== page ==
With this overview in mind, we can consider each of the three phases.

Using temporal and spatial integration to model fate

To model fate, we begin by calculating a steady-state environmental concentration of the pollutant. Before arriving at this steady-state, the pollutant generally goes through multiple environmental mechanisms, such as transport, degradation, volatilization, sedimentation or immobilization (exhibit 2).

The ultimate concentration is calculated by using steady-state box models where the concentration of the pollutant inside the box does not change, i.e., remains in a steady-state (exhibit 3). This figure shows a simplified version of a fate model; it calculates a steady-state concentration for a given volume, drawing on known pollutant inflow source rates and pollutant residence times.

The advantage of this type of model is that it allows each emission to be related to a single time-integrated fate value instead of multiple values at different points in time.

In addition to this temporal integration, fate models also use spatial integration – in other words, they do not detail where the emissions take place. Typically, the only spatial information included is the type of environmental media, such as air, surface water, sea water, soil, sediment, etc.

These temporal and spatial integrations are the two primary model simplifications that enable us to reduce complexity while still obtaining valid results. Newer models, however, are attempting to include more spatial details to reduce uncertainty levels, which can help make them more broadly applicable. For example, the IMPACT World+ method uses the spatially differentiated USEtox toxicity model that includes 17 sub-continental zones, such as Central America, North America, Europe, the Middle East and Southeast Asia.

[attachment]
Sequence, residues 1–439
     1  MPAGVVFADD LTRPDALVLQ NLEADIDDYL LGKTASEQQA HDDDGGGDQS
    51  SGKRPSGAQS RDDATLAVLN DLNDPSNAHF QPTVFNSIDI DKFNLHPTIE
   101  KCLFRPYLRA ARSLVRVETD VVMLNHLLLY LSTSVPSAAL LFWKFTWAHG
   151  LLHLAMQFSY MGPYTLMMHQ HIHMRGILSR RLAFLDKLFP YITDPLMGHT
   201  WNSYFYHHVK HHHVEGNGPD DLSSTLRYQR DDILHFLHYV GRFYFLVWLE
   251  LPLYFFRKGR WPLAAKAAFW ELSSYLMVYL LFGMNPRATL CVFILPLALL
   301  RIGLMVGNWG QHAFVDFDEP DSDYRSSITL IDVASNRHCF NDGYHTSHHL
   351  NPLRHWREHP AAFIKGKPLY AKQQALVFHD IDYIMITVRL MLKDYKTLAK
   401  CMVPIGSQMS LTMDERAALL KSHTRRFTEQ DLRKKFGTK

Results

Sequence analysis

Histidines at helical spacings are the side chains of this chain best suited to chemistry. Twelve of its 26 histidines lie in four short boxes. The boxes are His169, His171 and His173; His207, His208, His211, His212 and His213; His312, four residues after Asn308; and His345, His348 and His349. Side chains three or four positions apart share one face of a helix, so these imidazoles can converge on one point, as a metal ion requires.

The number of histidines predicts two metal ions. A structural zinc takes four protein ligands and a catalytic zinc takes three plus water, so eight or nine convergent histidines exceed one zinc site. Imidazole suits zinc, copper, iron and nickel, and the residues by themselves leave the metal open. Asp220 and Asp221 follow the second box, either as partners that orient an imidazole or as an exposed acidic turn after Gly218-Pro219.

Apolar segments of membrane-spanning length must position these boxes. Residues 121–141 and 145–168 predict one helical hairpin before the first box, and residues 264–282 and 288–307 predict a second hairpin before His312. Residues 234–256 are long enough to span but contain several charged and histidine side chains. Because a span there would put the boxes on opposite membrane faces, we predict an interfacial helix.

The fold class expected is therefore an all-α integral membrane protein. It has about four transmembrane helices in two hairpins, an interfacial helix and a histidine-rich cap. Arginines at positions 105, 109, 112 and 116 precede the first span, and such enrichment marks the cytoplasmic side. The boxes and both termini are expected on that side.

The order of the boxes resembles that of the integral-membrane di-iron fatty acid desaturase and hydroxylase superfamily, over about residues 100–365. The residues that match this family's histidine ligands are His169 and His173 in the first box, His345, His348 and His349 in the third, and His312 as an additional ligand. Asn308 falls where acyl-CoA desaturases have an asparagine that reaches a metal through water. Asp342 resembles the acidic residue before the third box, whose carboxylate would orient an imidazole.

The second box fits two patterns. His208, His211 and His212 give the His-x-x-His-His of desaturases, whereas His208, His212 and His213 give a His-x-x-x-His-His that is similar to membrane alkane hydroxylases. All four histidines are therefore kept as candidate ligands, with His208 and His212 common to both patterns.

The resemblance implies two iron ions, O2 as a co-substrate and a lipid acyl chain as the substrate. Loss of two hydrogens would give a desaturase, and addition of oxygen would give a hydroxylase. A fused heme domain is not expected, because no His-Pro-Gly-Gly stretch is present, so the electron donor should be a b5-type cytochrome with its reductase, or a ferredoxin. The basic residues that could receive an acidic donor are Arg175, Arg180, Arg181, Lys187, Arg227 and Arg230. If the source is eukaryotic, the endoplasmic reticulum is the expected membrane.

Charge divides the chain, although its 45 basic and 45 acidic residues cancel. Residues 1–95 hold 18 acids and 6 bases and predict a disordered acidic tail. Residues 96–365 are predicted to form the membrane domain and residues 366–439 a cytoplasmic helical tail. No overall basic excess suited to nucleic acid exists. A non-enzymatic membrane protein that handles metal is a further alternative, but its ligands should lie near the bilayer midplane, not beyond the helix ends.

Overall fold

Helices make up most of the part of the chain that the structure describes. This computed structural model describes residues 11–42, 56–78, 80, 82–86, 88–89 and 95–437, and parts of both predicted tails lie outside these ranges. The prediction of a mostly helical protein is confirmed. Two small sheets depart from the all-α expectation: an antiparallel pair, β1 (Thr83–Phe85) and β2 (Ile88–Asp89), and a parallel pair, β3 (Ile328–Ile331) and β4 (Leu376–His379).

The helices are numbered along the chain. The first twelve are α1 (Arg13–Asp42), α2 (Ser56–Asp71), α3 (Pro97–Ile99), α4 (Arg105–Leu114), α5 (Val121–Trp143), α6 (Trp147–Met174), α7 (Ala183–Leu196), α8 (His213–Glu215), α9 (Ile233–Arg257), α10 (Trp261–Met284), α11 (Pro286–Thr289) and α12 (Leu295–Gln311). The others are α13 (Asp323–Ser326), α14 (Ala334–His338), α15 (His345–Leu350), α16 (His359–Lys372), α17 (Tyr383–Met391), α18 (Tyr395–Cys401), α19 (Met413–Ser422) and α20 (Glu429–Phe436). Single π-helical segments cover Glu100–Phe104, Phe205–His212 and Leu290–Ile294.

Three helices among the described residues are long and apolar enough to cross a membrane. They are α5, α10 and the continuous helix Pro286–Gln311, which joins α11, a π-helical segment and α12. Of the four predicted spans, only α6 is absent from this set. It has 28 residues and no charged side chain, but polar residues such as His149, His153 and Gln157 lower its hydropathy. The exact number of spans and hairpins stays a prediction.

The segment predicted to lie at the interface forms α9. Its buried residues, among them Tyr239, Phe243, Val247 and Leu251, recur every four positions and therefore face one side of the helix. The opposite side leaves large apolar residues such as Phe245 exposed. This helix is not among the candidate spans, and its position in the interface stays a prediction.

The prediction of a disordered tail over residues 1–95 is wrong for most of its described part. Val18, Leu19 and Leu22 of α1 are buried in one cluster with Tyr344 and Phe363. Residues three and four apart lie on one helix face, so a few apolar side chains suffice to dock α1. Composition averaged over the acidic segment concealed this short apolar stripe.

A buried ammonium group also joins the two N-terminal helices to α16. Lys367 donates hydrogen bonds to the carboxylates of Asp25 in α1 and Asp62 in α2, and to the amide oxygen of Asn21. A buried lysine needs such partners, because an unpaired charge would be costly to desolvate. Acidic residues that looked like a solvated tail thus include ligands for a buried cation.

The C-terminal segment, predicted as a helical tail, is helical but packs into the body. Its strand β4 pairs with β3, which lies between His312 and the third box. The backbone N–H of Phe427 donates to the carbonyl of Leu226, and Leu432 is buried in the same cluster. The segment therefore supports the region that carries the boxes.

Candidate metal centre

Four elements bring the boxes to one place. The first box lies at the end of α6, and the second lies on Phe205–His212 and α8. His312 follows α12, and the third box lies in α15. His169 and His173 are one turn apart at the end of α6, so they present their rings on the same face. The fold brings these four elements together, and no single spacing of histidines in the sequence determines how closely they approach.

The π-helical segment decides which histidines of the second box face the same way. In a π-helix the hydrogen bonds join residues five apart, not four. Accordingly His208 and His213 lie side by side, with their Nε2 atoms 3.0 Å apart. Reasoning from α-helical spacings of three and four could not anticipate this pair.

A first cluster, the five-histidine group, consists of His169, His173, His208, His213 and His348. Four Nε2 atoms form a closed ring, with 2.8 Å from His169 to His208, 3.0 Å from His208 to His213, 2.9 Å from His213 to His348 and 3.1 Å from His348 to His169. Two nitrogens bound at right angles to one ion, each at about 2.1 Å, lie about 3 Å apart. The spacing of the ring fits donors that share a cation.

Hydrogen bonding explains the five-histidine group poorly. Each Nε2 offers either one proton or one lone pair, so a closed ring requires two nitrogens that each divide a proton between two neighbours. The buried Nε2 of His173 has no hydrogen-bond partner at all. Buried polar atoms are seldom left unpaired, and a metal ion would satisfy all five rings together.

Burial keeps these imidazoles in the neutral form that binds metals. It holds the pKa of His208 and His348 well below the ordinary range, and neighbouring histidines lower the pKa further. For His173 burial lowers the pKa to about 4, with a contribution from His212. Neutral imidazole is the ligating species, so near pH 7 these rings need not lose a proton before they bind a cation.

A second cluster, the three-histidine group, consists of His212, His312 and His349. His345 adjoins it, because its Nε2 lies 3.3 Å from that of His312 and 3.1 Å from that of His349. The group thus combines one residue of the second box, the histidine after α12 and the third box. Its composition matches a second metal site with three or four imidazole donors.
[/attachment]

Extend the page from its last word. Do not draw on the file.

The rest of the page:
Fate models also consider at least three emission compartments (air, water, and soil) and at least four transport compartments (air, water, soil, and sediment). The transport compartments account for multimedia transport, i.e., transport from one media to another, such as air to water (acid rain is one example). And since an emission can easily be distributed over multiple compartments, most emissions are linked to multiple fate factors.

Modelling Exposure: Intake and Bioavailability

Once fate is calculated, the next step is modeling exposure. An exposure factor for a pollutant links the fate factor to the intake level (for humans) or the amount that becomes bioavailable (for other organisms) via a specific environmental medium (air, water or soil).

Human exposure can occur through various routes, including inhalation, ingestion and absorption through skin (see exhibit 4 below). Modeling of exposure through water and soil can be more complex than exposure through air, simply because of the large variety of food and drink that humans consume. Generally, exposure to pollutants in water occurs through direct consumption of the water, or indirectly through consumption of seafood. For pollutants in soil, exposure can occur through food or direct ingestion or inhalation of dust.

To model exposure pathways as accurately as possible, current toxicity models include a wide range of foods including most grains, fruits, vegetables, dairy products, meat and fish.